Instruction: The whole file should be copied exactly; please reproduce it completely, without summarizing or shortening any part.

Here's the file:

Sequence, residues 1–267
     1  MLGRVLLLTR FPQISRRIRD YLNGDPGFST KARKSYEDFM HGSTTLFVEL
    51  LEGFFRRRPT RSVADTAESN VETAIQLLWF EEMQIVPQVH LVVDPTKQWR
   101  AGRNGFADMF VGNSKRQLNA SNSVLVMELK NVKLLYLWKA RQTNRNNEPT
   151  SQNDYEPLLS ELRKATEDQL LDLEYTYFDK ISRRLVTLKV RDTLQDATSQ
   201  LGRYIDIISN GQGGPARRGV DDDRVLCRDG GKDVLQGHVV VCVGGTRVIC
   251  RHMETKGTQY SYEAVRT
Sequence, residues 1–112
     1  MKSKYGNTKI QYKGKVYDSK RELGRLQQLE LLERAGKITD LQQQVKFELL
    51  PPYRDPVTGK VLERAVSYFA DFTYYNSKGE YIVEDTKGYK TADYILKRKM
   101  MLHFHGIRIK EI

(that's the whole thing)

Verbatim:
Sequence, residues 1–267
     1  MLGRVLLLTR FPQISRRIRD YLNGDPGFST KARKSYEDFM HGSTTLFVEL
    51  LEGFFRRRPT RSVADTAESN VETAIQLLWF EEMQIVPQVH LVVDPTKQWR
   101  AGRNGFADMF VGNSKRQLNA SNSVLVMELK NVKLLYLWKA RQTNRNNEPT
   151  SQNDYEPLLS ELRKATEDQL LDLEYTYFDK ISRRLVTLKV RDTLQDATSQ
   201  LGRYIDIISN GQGGPARRGV DDDRVLCRDG GKDVLQGHVV VCVGGTRVIC
   251  RHMETKGTQY SYEAVRT
Sequence, residues 1–112
     1  MKSKYGNTKI QYKGKVYDSK RELGRLQQLE LLERAGKITD LQQQVKFELL
    51  PPYRDPVTGK VLERAVSYFA DFTYYNSKGE YIVEDTKGYK TADYILKRKM
   101  MLHFHGIRIK EI